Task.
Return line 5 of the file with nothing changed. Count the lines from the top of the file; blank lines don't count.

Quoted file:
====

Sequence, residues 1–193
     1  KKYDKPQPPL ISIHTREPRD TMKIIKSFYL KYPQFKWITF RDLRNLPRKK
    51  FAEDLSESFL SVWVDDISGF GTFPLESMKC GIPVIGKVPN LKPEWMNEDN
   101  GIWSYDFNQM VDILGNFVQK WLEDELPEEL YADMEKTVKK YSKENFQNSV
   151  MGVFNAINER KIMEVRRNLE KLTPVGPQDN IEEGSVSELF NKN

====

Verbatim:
   151  MGVFNAINER KIMEVRRNLE KLTPVGPQDN IEEGSVSELF NKN